The Massachusetts court emphasized that the duty to prevent a student from committing suicide was limited to taking the measures the court had spelled out. Moreover, the duty was time-bound. “Medical professionals may, for example, conclude the student is no longer a suicide risk and no further care or counseling is required” (p. 145).

Interestingly, after clearly spelling out a university’s duty to prevent students from committing suicide, the court ruled that MIT and its employees had breached no duty to Nguyen. “Nguyen never communicated by words or actions to any MIT employee that he had stated plans or intentions to commit suicide, and any prior suicide attempts occurred well over a year before matriculation,” the court observed. In addition, the court continued, Nguyen “was a twenty-five year old adult graduate student living off campus, not a young student living in a campus dormitory under daily observation.” Finally, the court pointed out, “Nguyen repeatedly made clear that he wanted to keep his mental health issues separate from his academic performance problems and that he was seeking professional help from psychiatrists and psychologists outside the MIT Mental Health System” (p. 146).


For several reasons, the higher education community should not be alarmed by the Nguyen decision. First, the decision is only binding in Massachusetts, and most jurisdictions have been reluctant to impose a duty on colleges and universities to prevent students from committing suicide (Fossey & Zirkel, 2011). Second, the Massachusetts court only imposed a limited duty to prevent students from taking their own lives, a duty that most college and university leaders are surely willing to bear. Finally, most institutions already have suicide prevention protocols in place that meet the standards articulated by Nguyen.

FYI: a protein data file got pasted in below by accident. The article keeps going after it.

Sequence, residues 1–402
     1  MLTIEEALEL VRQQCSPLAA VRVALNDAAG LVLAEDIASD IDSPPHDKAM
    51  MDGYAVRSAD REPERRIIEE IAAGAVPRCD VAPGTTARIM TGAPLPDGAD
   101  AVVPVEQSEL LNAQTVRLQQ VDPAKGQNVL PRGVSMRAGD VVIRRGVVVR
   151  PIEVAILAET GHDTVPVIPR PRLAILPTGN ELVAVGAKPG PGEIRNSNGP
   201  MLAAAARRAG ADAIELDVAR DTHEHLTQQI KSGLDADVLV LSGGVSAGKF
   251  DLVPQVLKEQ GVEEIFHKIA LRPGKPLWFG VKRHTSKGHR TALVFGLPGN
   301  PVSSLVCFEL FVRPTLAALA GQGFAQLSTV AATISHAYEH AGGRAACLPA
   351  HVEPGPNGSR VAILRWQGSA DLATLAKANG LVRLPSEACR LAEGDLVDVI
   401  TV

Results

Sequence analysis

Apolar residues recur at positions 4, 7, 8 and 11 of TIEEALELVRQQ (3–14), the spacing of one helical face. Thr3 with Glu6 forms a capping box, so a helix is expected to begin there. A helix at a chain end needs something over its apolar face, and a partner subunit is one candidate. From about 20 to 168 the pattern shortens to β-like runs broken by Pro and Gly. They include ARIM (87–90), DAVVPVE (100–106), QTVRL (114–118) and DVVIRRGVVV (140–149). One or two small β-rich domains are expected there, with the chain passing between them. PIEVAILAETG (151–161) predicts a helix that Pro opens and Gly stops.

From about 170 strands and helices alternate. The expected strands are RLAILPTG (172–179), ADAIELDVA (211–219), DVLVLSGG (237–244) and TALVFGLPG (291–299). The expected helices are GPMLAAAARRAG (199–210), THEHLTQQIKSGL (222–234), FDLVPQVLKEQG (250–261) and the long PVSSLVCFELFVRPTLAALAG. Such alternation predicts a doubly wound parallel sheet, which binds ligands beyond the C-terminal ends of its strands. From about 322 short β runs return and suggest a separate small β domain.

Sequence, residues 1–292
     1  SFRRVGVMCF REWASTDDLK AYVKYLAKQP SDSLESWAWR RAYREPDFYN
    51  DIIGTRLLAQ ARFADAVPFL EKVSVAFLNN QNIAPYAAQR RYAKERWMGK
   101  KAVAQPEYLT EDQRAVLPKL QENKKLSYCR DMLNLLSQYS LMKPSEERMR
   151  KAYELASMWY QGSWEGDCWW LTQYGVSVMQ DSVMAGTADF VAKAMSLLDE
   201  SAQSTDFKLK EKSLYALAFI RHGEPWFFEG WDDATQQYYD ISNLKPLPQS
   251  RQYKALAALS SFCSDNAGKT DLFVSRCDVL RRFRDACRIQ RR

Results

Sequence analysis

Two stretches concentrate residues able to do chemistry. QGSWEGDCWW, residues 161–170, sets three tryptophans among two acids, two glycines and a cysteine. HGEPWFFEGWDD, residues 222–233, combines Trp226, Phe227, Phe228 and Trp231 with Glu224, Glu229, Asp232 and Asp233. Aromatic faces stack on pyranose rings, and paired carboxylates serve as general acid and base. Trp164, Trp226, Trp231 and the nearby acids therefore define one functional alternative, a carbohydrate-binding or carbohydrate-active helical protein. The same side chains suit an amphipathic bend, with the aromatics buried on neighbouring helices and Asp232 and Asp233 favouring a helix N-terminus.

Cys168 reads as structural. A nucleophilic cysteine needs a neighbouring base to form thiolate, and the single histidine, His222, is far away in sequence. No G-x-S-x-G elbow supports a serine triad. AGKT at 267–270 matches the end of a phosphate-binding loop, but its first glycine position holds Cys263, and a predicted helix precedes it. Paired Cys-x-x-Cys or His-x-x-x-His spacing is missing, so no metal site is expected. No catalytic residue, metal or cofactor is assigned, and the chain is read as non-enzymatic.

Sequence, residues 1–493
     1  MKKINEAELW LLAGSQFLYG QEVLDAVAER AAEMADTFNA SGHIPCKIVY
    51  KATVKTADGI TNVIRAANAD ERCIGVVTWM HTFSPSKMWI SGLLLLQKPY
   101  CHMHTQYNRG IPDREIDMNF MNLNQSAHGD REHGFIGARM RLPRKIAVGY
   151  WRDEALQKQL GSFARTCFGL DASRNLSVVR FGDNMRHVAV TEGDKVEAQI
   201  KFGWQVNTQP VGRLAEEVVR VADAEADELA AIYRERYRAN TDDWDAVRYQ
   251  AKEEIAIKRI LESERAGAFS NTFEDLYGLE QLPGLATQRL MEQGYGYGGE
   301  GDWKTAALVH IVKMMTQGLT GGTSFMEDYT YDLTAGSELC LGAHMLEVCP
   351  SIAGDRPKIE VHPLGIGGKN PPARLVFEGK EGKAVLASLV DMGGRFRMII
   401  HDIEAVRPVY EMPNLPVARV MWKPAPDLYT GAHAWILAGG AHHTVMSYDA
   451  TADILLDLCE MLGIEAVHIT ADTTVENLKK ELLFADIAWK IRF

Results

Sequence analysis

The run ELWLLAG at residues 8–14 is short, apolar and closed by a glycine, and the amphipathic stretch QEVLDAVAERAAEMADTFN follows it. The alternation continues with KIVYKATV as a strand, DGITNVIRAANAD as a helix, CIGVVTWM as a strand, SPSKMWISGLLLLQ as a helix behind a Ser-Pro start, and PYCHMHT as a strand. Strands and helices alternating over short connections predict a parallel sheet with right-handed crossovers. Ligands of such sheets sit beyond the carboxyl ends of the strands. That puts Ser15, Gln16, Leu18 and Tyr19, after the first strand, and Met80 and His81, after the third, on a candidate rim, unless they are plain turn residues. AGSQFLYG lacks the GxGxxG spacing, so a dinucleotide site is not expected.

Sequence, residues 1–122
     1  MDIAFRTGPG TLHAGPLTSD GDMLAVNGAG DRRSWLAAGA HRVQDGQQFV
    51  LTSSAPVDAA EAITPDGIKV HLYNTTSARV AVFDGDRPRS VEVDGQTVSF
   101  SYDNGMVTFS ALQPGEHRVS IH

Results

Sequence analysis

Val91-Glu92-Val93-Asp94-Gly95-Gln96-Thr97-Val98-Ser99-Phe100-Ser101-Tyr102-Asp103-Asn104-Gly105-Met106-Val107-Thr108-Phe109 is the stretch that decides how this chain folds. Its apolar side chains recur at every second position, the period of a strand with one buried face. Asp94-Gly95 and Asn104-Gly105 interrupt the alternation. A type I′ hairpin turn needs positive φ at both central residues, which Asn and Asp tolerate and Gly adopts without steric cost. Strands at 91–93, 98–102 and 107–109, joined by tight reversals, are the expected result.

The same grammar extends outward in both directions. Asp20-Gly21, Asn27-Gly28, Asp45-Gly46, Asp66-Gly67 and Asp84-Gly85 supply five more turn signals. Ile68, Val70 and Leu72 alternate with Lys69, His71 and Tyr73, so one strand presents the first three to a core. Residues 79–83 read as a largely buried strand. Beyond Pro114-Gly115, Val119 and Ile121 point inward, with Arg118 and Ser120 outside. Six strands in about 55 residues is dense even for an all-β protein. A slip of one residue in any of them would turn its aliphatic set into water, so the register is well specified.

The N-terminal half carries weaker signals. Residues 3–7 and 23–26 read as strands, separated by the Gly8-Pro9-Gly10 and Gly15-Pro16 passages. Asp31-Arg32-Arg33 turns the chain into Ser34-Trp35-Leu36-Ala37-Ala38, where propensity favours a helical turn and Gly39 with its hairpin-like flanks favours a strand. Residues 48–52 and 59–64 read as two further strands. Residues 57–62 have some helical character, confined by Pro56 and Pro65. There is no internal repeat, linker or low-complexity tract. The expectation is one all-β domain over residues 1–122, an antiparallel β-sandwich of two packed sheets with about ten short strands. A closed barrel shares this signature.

Colleges with suicide prevention plans should review them to make sure they comply with the Nguyen standards; and colleges that do not have suicide-prevention protocols should adopt them. And, most importantly, all college and university employees should be informed that they have a duty to act if a student expresses an intention to commit suicide or if they learn that a student attempted suicide while enrolled or shortly before matriculation.


Fossey, R. & Zirkel, P. (2011). University liability for student suicide: A review of case law. In D. A. Lamis & D. Lester (Eds.). Understanding and preventing college student suicide (pp. 291-306). Springfield, Ill. Charles C. Thomas.

Nguyen v. Massachusetts Institute of Technology, 96 N.E.2d 128 (Mass. 2018).

Cite This Article as: Teachers College Record, Date Published: October 09, 2018
http://www.tcrecord.org ID Number: 22526, Date Accessed: 12/18/2018 12:26:25 PM

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About the Author
  • Richard Fossey
    University of Louisiana
    E-mail Author
    RICHARD FOSSEY is Policy Director of the Picard Center for Child Development and Lifelong Learning and Paul Burdin Endowed Professor at the University of Louisiana at Lafayette.
  • Perry Zirkel
    Lehigh University
    PERRY A ZIRKEL is University Professor Emeritus of Education at Lehigh University, Bethlehem, Pennsylvania.